Your Extreme Weather Reading List: Ballet’s Invisible Women + Israel’s Dance of Deportation

In New York, the snow outside my window is thick like feathers and falling aggressively like bricks. In Atlanta, my brother is stranded in his apartment with a bag of pretzels and only the ingredients for a Bloody Mary (he’s not complaining). Extreme weather gives permission for extreme reading. This weekend, consider adding the following two articles to your reading list: One is an articulate exploration of the long-time problem of gender inequity in dance, the other a snapshot of a celebrated dance community caught in a political bind.

In the Huffington Post a few weeks ago, Emily Coates, the director of the dance curriculum at Yale University, weighs in on the lack of female leadership in the dance world, particularly on the ballet end of the spectrum. She writes:

I learned something surprising while preparing my lecture notes for a unit on the Ballet Russe: the last name of the great Russian dancer-choreographer “Nijinsky.” passes spell check. The last name of his sister Bronislava “Nijinska” — an important choreographer in her own right — does not. That glaring red underline, spell check’s mark of non-recognition, is a metaphor for how the women in ballet history tend to be viewed.

Coates has a 20-year dance career under her belt with some of the world’s most acclaimed companies, she knows firsthand the complicated relationship between female dancer and male mentor and the lack of opportunity or even encouragement for female dancers to transition into leadership roles. I suspect we all sense this imbalance, but it takes a reminder and call to action like this to give the issue continued visibility.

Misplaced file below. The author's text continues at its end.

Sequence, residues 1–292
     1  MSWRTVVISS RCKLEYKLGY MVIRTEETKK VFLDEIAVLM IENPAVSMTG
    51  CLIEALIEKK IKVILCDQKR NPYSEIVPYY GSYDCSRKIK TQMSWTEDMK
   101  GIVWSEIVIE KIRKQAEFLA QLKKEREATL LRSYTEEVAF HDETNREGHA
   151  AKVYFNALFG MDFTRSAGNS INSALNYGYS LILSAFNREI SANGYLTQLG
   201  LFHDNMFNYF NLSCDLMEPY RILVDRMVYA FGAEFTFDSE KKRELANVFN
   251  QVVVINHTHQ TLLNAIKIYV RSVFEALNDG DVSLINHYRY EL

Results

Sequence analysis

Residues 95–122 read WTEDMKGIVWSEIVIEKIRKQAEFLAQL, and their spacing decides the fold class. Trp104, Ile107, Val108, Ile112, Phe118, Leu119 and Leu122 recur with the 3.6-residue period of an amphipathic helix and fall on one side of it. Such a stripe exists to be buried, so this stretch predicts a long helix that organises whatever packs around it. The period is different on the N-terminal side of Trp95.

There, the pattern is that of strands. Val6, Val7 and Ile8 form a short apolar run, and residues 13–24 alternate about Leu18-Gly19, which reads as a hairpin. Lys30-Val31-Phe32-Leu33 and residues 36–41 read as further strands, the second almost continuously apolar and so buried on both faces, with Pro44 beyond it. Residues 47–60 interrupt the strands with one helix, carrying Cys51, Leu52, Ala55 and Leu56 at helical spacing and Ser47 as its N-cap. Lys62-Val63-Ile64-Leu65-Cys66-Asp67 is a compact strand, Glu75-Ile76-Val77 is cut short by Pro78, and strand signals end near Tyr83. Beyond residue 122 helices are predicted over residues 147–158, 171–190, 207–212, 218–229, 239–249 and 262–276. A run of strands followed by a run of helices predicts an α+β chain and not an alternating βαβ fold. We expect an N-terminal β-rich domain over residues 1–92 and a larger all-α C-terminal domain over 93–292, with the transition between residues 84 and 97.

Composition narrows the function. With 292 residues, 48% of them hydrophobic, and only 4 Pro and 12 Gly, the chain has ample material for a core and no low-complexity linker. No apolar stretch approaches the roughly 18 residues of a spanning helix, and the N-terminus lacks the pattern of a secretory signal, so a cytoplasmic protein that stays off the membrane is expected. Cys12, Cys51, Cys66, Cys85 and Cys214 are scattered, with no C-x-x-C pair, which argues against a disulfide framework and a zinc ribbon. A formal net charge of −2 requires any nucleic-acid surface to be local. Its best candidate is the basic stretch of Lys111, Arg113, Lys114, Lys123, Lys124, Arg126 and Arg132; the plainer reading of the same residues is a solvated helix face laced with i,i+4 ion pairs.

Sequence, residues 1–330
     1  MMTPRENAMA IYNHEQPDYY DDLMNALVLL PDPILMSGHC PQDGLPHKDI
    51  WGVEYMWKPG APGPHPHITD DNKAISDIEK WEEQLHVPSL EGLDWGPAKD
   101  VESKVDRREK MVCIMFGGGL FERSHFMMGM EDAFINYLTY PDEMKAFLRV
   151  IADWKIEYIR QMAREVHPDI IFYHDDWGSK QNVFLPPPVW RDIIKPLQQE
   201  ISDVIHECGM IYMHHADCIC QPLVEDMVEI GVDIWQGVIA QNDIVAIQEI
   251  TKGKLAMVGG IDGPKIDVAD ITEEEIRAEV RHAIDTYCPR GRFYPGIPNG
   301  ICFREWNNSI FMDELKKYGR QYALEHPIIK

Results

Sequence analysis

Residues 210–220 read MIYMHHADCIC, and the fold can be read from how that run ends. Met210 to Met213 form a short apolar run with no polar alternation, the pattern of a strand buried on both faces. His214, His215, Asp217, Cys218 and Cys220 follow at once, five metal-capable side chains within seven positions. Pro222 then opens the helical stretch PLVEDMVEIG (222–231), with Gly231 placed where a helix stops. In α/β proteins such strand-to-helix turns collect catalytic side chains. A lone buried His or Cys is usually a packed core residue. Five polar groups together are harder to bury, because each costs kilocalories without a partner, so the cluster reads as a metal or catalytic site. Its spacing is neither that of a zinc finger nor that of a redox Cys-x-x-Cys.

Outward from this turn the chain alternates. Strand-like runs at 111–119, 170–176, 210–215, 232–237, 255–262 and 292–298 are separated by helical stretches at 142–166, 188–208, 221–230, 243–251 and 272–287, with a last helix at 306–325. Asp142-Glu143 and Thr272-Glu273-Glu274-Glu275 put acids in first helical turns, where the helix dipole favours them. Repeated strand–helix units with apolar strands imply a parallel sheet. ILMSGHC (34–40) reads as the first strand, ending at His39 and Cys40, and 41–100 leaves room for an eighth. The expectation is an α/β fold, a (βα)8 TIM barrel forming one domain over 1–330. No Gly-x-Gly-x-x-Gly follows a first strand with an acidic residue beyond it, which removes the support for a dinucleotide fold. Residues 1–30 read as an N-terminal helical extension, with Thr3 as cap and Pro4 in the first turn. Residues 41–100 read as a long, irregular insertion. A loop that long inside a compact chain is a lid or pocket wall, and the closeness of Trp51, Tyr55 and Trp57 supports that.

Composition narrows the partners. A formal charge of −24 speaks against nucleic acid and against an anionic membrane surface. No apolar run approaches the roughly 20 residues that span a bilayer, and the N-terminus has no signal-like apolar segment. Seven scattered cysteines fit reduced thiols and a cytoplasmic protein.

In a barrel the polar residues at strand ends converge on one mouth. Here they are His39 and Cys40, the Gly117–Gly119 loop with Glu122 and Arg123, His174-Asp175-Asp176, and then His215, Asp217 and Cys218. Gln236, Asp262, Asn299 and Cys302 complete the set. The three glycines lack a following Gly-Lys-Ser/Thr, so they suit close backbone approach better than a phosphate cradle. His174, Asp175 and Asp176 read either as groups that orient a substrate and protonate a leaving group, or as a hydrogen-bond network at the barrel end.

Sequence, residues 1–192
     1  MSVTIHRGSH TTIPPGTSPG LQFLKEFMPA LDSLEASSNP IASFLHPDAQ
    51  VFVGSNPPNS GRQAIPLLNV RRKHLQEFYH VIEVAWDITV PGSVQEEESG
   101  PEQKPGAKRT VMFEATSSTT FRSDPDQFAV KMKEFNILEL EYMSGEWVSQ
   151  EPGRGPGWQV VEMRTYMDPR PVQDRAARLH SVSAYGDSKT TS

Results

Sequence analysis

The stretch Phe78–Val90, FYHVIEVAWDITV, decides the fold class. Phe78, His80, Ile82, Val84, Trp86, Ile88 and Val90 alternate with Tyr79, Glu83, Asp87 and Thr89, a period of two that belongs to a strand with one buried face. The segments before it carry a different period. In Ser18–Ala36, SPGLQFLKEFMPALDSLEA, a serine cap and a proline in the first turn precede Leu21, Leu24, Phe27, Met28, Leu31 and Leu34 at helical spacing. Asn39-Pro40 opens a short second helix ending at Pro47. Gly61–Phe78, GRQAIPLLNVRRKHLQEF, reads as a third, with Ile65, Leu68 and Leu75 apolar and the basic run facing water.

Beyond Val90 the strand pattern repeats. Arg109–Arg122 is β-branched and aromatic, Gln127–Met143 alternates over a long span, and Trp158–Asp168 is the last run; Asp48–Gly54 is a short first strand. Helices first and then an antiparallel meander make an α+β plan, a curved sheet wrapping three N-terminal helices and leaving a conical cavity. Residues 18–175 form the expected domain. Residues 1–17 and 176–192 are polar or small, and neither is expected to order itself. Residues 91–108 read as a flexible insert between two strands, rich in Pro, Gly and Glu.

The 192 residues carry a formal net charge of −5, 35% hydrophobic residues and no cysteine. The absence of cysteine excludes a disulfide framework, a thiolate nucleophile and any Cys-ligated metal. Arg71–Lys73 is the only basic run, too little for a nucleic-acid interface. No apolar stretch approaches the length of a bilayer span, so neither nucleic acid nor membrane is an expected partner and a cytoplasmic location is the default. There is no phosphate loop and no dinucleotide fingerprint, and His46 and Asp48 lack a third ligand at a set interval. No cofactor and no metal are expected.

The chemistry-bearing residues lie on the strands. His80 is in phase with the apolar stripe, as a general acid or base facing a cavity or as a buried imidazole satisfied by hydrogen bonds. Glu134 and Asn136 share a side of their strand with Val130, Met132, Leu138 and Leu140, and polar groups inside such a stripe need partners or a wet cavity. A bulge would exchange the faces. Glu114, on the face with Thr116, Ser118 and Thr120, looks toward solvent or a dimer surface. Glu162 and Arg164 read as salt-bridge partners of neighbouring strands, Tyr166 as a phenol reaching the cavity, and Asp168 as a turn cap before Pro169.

Meanwhile, on the Mediterranean coast… This article from the prominent Israeli newspaper Haaretz (to which I also contribute) is a compelling look at another difficult issue. The Israeli dance scene has been globally celebrated in the past decade and the Israeli government has proudly supported and showcased its companies, heralding them as ambassadors of Israeli culture.

Many of the dancers in these companies are not Israelis – they’re foreigners from the United States, Germany, Taiwan, etc. who flock to that special something Israeli contemporary dance has going on right now. But in a state with super strict visa and residency requirements, they’re not always welcome to stay.

Rachel Osborne, an Australian, has been dancing with the Batsheva Dance Company for over a decade. Having watched the company for years (I lived in Tel Aviv for three), it’s hard to think of anyone else who embodies Batsheva’s intensity, intelligence and fierce sensuality more than she. Last year, without reason, the Israeli government refused to renew her visa, essentially kicking her out. Shir Hacham writes:

[Osborne] feels that she contributed to the cultural scene in Israel and when she travels the world as a dancer and teacher, she doesn’t identify as an Australian but rather as a product of Batsheva and of Naharin − and therefore as an Israeli.

Dancers have long danced without borders. This situation raises questions about who represents a “national company” that becomes a cultural export and how those individuals are valued and protected by a foreign government. At least in this case, it appears not so much.


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